If I had to reduce evolution down to its most fundamental essence, I would have to describe it as reproductive differential. Simply put, whoever leaves the most offspring wins. It doesn't matter how strong a creature is or how fast or how clever; if it doesn't leave any offspring then its advantages die with it. If a creature is a good enough hunter, fast enough to escape predators, and appealing enough to attract a mate, then it will hopefully have offspring that will inherit its advantages. The next generation begins the race anew. The fit will live to reproduce; the unfit will die. Eventually, all the characteristics not suited to a particular environment will be removed from the population and the species will become well adapted to its surroundings.
The judge that helps decide who lives, who dies, and who's genes will be passed along is a cruel mistress by the name of Natural Selection. She's an impartial judge and is only concerned with one question: does it work? Every detail of every creature is judged on how well it works: the shape of its teeth, the color and length of its hair, how fast it can run, how high it can jump, and even the shape of its eyes will be judged. If a trait passes the test, the creature lives to be tested again. Hopefully, it lives long enough to pass its traits on to the next generation. If a feature fails, its host dies. If the host died before leaving any offspring, then the unsuitable trait died with it. The trials continue unceasingly: what works lives – what doesn't work dies. Over time, natural selection works remarkably well and a species becomes very well adapted to its environment.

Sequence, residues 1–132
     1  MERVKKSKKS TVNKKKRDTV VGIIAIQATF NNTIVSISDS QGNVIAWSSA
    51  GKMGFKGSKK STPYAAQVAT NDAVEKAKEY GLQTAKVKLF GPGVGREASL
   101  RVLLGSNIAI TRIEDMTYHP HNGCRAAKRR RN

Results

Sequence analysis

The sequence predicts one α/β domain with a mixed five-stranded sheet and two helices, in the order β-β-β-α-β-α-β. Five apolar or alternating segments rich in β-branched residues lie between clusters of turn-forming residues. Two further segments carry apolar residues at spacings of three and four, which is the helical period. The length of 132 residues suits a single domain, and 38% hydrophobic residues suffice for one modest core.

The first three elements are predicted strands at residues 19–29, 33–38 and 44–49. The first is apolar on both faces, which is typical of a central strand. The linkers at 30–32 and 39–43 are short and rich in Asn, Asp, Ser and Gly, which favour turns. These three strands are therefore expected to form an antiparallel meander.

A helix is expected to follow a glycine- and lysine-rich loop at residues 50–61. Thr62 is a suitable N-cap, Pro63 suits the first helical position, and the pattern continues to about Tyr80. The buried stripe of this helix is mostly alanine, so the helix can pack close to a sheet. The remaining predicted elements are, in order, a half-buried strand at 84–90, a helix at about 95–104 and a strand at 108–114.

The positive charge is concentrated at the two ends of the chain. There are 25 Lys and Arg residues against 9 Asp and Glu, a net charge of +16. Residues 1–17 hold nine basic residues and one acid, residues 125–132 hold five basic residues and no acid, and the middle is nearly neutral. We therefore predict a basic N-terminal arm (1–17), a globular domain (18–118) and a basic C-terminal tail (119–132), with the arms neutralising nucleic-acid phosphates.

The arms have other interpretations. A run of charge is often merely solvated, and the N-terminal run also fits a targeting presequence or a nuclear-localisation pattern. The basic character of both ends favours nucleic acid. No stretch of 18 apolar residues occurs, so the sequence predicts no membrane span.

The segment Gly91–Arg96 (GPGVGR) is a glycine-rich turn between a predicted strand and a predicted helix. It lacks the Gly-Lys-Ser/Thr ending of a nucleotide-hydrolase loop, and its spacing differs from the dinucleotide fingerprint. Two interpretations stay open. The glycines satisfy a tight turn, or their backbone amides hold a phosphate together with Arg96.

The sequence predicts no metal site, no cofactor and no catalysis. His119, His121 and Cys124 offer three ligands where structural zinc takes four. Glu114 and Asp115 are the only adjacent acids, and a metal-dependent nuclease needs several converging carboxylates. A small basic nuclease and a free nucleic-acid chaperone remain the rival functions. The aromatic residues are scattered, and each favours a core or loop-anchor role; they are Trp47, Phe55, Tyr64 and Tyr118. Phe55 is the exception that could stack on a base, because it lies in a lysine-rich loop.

To help visualize natural selection, I like to use the example of dogs. Most people are familiar with dogs and know that they are a very diverse group. Dogs can have long or short hair, be a variety of colors, be sleek or muscular, and can range in size from the very large mastiff to the very small chihuahua. Dogs represent a kind that includes not only domestic dogs but also wolves, foxes, coyotes, and dingos. Suppose I took a pack of mutts containing dogs of all sorts, then released them into the wild. Natural selection would immediately begin her work. The dogs that lacked the instinct or ability to hunt would quickly starve. In a wooded environment, dogs with brown fur might be better camouflaged which would help them sneak up on prey or hide from larger predators (like pumas or bears). In a snowy environment, lighter colored fur might be more advantageous. Their hair must be long enough to give them warmth and protect them from sun burn yet not so long as to overheat them or harbor disease carrying insects. Their bodies should be large enough for them to overpower prey but not so large as to require more food than is available in that area. Everything about the dogs will be tested: their sense of smell, their eyesight, their hearing, even the shape of their ears. The dogs that have the features best suited for that environment will tend to survive longer and have more pups; the dogs not well suited to that environment will tend to die sooner and have fewer pups.